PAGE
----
Through correspondence in the Phillips archives, photographs, and more, the Reading Room exhibition Dear Dove, Dear Phillips, Dear Stieglitz explores the relationship between artist, patron, and gallery dealer.
THE GENEVA YEARS, 1933-1938
In 1933, following the death of his mother, Arthur Dove moved to Geneva, New York, to settle his family’s estate. Dove was ambivalent about going home—he found the landscape inspiring but practical problems took valuable time away from painting. Conditions in their farmhouse were primitive and Dove reported to Phillips that when the temperature hit minus 33 degrees he and his wife ran back and forth between three wood burning stoves to keep warm. In a later letter, Dove wrote Phillips, “Your idea of doubling the subsidy in the spring is marvelous and really gives me the much longed for privilege of planning for extensive work ahead. This going out to paint then rushing back and slamming the door quickly to keep the wolf out is not soothing to the nerves.”
During their final year in Geneva, the Doves moved into town and lived in the Dove Block, a commercial building on one of the city’s main corners that had been erected by his father. Dove set up his studio on the entire third floor, previously home to a roller skating rink. The artist was ecstatic about being able to hang so many of his paintings on the wall at once.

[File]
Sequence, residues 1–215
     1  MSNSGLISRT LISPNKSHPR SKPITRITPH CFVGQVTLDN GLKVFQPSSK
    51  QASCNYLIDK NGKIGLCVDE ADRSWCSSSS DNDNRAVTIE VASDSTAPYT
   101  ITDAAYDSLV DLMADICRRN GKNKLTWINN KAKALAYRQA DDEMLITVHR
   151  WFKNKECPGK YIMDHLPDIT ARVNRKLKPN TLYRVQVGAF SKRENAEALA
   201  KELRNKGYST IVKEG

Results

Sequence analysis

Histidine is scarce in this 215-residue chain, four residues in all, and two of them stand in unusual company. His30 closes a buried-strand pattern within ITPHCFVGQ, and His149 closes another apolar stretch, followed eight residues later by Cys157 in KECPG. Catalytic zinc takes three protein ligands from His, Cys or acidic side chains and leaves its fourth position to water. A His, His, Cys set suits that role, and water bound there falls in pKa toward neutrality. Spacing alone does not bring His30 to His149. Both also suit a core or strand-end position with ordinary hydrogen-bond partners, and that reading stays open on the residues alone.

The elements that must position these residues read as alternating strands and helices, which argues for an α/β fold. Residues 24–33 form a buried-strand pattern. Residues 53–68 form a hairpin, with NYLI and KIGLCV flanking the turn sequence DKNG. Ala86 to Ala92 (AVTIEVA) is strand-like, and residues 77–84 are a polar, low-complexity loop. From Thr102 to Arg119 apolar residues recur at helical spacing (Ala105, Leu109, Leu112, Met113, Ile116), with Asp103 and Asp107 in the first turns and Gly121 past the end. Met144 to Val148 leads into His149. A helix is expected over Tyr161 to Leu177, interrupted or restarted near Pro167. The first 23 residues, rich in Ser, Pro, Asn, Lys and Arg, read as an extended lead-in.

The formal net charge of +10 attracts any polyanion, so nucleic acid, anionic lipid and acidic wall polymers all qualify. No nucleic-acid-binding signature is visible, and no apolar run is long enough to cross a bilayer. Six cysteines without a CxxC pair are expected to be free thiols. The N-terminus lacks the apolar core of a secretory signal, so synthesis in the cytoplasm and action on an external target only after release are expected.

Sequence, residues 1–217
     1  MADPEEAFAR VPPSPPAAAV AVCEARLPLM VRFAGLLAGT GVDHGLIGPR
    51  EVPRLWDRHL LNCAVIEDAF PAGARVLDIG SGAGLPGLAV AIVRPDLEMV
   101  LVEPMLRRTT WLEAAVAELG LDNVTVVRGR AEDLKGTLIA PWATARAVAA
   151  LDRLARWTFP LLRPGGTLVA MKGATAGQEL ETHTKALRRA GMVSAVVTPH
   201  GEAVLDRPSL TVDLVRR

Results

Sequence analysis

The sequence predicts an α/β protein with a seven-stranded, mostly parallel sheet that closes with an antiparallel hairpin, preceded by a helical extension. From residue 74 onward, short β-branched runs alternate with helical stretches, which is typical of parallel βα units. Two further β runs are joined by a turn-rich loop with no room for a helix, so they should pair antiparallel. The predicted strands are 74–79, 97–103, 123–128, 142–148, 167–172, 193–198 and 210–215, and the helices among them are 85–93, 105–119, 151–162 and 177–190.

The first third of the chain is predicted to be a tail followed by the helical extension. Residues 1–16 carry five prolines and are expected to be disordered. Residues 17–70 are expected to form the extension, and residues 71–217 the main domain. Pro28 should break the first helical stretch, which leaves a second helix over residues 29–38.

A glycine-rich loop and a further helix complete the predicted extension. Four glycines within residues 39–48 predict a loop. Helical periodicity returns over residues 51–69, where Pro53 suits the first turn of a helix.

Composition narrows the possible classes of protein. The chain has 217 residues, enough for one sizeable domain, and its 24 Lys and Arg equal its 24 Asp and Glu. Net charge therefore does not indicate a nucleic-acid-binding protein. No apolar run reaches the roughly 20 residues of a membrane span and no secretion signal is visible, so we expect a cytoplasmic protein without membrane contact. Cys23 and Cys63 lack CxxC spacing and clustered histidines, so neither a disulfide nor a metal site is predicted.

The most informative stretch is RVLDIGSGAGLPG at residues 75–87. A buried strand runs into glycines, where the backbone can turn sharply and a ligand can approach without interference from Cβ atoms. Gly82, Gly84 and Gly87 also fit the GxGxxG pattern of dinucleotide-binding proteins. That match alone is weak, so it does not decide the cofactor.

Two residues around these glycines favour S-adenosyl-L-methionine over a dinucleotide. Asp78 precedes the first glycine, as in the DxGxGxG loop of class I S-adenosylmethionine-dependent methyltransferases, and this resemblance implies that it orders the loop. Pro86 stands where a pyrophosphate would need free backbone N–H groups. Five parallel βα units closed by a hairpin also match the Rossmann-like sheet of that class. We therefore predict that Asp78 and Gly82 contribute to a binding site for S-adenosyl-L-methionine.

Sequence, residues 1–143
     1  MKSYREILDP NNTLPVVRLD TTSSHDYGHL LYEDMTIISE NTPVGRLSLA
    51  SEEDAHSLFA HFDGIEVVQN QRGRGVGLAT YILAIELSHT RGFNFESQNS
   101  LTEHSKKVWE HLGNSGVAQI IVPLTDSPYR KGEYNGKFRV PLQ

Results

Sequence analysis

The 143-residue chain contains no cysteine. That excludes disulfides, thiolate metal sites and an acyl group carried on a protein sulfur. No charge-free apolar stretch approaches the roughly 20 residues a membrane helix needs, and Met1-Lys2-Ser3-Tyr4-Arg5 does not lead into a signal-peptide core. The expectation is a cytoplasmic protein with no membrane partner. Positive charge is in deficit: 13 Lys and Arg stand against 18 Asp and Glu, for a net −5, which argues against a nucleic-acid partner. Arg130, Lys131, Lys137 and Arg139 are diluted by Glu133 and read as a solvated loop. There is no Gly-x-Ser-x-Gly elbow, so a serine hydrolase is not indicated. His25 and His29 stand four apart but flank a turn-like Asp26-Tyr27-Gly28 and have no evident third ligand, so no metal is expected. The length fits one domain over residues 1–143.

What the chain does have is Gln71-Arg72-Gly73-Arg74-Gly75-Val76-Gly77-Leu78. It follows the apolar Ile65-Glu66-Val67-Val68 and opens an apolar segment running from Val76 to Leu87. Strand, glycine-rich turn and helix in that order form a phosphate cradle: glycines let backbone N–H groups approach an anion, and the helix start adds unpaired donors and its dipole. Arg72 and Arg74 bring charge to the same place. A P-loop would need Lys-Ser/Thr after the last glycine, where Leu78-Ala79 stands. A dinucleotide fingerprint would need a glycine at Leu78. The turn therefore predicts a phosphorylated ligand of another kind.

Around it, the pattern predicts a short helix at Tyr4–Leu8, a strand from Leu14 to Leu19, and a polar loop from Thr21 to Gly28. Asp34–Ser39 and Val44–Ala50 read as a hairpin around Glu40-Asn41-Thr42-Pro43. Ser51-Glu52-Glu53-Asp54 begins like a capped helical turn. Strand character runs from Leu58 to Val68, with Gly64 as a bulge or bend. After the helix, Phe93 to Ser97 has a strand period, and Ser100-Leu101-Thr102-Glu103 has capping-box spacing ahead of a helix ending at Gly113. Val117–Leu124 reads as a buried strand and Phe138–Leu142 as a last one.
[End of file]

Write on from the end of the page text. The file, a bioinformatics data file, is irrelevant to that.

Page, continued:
Dove’s studio at the Dove Block—measuring 60-by-70-square feet and surrounded by 10-foot windows—was the largest he ever had. The space was comfortable and had plenty of light and heat. Dove wrote Elmira Bier, Phillips’s executive assistant, “This place is immense. I hope that the feeling of space will creep into the coming paintings.”
Duncan Phillips acquired this painting the same year it was created. The title refers to a poem written by Dove: “Works of nature are abstract/They do not lean on other things for meaning/The sun draws water from the sea.” Ribbon-like lines that refer to the unseen forces of nature flutter in the air above an undulating sea. Dove completed Sun Drawing Water in two weeks.
Phillips wrote Stieglitz to tell him the good news that his wife, Marjorie, who shared his concern about Dove’s urgent need for financial assistance, decided to give Dove a contribution of 200 dollars which she had earned from the proceeds of a recent sale of one of her paintings to the Whitney Museum of American Art. Phillips mentioned the possibility of purchasing Red Barge from Dove as long as he could acquire it at a discount.
Stieglitz expressed his hope to see Phillips at his New York gallery soon. After Duncan and Marjorie visited Stieglitz and saw Dove’s exhibition, Stieglitz wrote Phillips on April 12, “I can’t tell you what your visit and that of Mrs. Phillips yesterday and today meant to me.”
Stay tuned for Part III (The Geneva Years) of this series and visit the Reading Room to see the exhibition.